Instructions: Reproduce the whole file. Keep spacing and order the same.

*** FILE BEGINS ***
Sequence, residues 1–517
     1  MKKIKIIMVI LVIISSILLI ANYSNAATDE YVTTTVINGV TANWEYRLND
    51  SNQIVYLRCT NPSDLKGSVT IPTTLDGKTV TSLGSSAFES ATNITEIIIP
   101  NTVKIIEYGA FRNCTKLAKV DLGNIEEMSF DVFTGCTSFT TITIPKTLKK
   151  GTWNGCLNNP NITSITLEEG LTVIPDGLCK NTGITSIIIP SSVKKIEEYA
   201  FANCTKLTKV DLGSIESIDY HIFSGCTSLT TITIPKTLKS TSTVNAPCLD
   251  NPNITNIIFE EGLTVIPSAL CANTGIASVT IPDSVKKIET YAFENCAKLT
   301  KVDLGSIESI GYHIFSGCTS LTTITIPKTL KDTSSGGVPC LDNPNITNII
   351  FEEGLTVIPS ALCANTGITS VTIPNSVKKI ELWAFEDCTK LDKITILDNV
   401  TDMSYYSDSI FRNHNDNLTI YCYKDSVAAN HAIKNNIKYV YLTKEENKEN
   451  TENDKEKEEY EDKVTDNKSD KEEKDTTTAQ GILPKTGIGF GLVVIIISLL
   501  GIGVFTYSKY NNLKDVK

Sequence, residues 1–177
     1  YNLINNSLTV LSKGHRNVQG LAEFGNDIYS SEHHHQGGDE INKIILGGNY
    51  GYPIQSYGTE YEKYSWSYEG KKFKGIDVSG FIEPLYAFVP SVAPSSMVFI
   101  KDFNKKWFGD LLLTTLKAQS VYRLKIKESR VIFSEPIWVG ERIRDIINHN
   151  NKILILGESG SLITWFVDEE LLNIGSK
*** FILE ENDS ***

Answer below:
Sequence, residues 1–517
     1  MKKIKIIMVI LVIISSILLI ANYSNAATDE YVTTTVINGV TANWEYRLND
    51  SNQIVYLRCT NPSDLKGSVT IPTTLDGKTV TSLGSSAFES ATNITEIIIP
   101  NTVKIIEYGA FRNCTKLAKV DLGNIEEMSF DVFTGCTSFT TITIPKTLKK
   151  GTWNGCLNNP NITSITLEEG LTVIPDGLCK NTGITSIIIP SSVKKIEEYA
   201  FANCTKLTKV DLGSIESIDY HIFSGCTSLT TITIPKTLKS TSTVNAPCLD
   251  NPNITNIIFE EGLTVIPSAL CANTGIASVT IPDSVKKIET YAFENCAKLT
   301  KVDLGSIESI GYHIFSGCTS LTTITIPKTL KDTSSGGVPC LDNPNITNII
   351  FEEGLTVIPS ALCANTGITS VTIPNSVKKI ELWAFEDCTK LDKITILDNV
   401  TDMSYYSDSI FRNHNDNLTI YCYKDSVAAN HAIKNNIKYV YLTKEENKEN
   451  TENDKEKEEY EDKVTDNKSD KEEKDTTTAQ GILPKTGIGF GLVVIIISLL
   501  GIGVFTYSKY NNLKDVK

Sequence, residues 1–177
     1  YNLINNSLTV LSKGHRNVQG LAEFGNDIYS SEHHHQGGDE INKIILGGNY
    51  GYPIQSYGTE YEKYSWSYEG KKFKGIDVSG FIEPLYAFVP SVAPSSMVFI
   101  KDFNKKWFGD LLLTTLKAQS VYRLKIKESR VIFSEPIWVG ERIRDIINHN
   151  NKILILGESG SLITWFVDEE LLNIGSK